What’s happening between the United States and China is far bigger than a mere trade dispute. It’s the first step in the long march to a new world order.
To talk of a trade war between the United States and China is to misunderstand the magnitude of what the world economic order is confronting. Think of it as Brexit on a global scale. Just as Britain is struggling to separate itself from the European Union, America and China are struggling to separate their huge economies from one another. Not only are the economies involved in this latter separation much larger and much more consequential for innocent bystanders, there is also the added feature of a geopolitical rivalry between a dominant and a rising power, the sort of rivalry that Harvard’s Graham Allison argues has often resulted in military conflict. So replace “trade war,” which is only one aspect of the current conflict, with “decoupling.” America has decided to end its reliance on China as a pool of cheap labor and goods, which has brought with it the decimation of many of its industries and communities and the filching of its intellectual property. China, in its turn, wants to end its dependence for economic growth on the vast American market, a vulnerability Trump or a successor can exploit to prevent China from realizing its goal of displacing the United States as the dominant economic and military world power.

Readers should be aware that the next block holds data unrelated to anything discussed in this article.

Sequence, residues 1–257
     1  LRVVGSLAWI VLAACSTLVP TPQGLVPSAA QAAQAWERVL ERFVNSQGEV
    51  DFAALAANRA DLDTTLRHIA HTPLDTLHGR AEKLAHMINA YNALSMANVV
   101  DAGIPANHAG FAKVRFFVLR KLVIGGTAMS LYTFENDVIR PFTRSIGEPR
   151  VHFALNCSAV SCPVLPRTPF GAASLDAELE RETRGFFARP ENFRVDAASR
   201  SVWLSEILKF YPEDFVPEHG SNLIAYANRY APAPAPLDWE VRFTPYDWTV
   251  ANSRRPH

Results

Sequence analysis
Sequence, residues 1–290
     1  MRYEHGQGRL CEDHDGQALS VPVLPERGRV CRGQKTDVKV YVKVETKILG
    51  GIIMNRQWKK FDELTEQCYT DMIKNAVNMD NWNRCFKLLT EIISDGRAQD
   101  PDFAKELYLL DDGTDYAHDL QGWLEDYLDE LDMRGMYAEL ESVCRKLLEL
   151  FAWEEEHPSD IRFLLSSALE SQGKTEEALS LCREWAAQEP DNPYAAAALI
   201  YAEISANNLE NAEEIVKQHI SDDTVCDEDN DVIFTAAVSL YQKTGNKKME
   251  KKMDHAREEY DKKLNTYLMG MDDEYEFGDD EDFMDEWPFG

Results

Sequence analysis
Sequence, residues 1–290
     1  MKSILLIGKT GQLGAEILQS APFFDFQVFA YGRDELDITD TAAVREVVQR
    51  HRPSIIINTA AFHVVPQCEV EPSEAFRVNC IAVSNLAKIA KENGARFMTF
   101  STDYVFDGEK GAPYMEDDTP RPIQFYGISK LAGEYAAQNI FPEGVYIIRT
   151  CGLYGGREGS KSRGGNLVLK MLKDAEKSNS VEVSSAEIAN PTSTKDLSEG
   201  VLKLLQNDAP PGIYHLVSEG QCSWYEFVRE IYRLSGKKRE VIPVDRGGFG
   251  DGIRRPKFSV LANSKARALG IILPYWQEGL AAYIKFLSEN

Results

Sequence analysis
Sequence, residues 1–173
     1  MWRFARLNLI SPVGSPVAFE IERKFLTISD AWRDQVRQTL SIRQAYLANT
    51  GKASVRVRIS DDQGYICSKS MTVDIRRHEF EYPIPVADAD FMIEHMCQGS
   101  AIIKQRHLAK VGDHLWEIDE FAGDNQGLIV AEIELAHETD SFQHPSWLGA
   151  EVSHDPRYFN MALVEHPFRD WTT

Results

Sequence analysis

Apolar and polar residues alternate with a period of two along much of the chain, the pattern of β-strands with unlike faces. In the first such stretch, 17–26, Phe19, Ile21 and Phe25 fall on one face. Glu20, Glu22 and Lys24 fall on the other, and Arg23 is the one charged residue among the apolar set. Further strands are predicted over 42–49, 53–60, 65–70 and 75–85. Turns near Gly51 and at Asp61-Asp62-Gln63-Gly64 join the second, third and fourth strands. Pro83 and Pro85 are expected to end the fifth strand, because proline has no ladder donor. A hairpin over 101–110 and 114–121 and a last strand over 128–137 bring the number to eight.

Read the full article on The American InterestAugust 19, 2019